Magazine article The Spectator

Thick Accents

Magazine article The Spectator

Thick Accents

Article excerpt

Whenever, as happens with a frequency that makes me suspect the mechanical accuracy of my telephone, I dial a number that docs not exist, a woman tells me that the number I have dialled has not been recognised.

Now in the old days - that is to say, up until about three years ago, I think it was - the lady who told me this had a cultivated and velvety voice, and she enunciated her words beautifully in received pronunciation: so beautifully, indeed, that I was tempted to redial the unrecognisable number just to listen to her all over again.

Such a situation could not be allowed to continue in thrusting, new, young, egalitarian Britain. The lady has been replaced by a mere woman, who speaks in an adenoidal voice that brings to mind the Isle of Dogs on a wet Sunday afternoon. Every time I hear her, I want to scream and smash the phone. I think I am suffering from accent rage.

Maybe I am growing paranoid, but I believe there is an attempt in this country gradually to supplant received pronunciation. For example, in a railway station of my acquaintance, the pre-recorded messages over the public address system are intoned by a man who uses received pronunciation, but who, when he pronounces the word Newcastle, uses the short rather than the long 'a', the long 'a' being what would come most naturally to him. It is as if the stationmaster is frightened that Geordies would be offended if they heard a middle-class man utter the name of the holy city, and riot accordingly.

I have noticed the same phenomenon on various wireless stations as well. It is clear that certain announcers have been told to use the short 'a', the long 'a' having unacceptable connotations of social superiority. Moreover, in railway stations that have no compunction about using as announcers incomprehensible Nigerians and Punjabis for whom English is their seventh language, the announcements giving the good news that the stations arc no-smoking areas and that something nasty will happen to those who infringe this regulation is always given in what one might call exaggerated standard pronunciation, just as in Hollywood films the cultivated English voice always stands for unspeakable evil. Thus our population is being subtly indoctrinated with the idea that received pronunciation means prohibition and restriction. The glottal stop means liberty.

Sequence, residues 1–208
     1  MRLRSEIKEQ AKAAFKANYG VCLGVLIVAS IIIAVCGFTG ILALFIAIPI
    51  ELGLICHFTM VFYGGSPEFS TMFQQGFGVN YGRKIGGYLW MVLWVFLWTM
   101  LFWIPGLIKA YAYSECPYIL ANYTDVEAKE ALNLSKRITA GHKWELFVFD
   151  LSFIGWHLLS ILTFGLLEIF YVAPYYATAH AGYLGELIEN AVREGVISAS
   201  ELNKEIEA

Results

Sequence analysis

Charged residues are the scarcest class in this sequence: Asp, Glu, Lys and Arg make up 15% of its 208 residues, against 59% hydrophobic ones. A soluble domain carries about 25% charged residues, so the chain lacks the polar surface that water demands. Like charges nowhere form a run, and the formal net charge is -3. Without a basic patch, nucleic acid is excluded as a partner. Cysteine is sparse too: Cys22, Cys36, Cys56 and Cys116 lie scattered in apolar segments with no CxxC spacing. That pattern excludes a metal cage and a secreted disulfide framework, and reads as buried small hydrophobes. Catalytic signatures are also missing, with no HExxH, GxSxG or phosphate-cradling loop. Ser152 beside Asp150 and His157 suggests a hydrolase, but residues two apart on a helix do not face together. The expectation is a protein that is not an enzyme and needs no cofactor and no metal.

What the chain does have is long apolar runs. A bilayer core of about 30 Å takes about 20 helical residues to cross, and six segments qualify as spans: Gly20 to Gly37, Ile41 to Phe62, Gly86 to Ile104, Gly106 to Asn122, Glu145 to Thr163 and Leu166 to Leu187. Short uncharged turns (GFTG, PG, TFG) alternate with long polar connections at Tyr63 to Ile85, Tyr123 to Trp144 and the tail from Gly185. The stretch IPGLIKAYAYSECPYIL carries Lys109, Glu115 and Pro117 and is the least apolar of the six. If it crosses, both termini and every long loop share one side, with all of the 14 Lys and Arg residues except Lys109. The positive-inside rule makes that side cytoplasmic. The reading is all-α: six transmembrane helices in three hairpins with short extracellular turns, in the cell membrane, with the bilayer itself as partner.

It seems to me unlikely, however, that the changes that have come about are the result of any welling up of an insistent or irresistible demand from below. Even the bolshiest Briton is so idle that he will not protest at received pronunciation, however much he might hate it. No: this is yet another sign of that peculiar combination of self-hatred and pusillanimity that characterises what Marxists used to call the ruling class.

Let me declare an interest. My father was born in a slum and his parents spoke such bad English that I could hardly understand it. He was a communist, but he took good care to learn to speak 'correctly'. (I thank God that he did.) To his dying day, I never heard him utter a single word in the accent of his place of birth.

He early recognised the social importance of accent in Britain, and adjusted the way he spoke. But this was not mere snobbishness on his part: he recognised as well that on the whole (no social law is absolute, of course) high culture in this country was associated with a certain accent. He was socially aspiring, but culturally aspiring also. …

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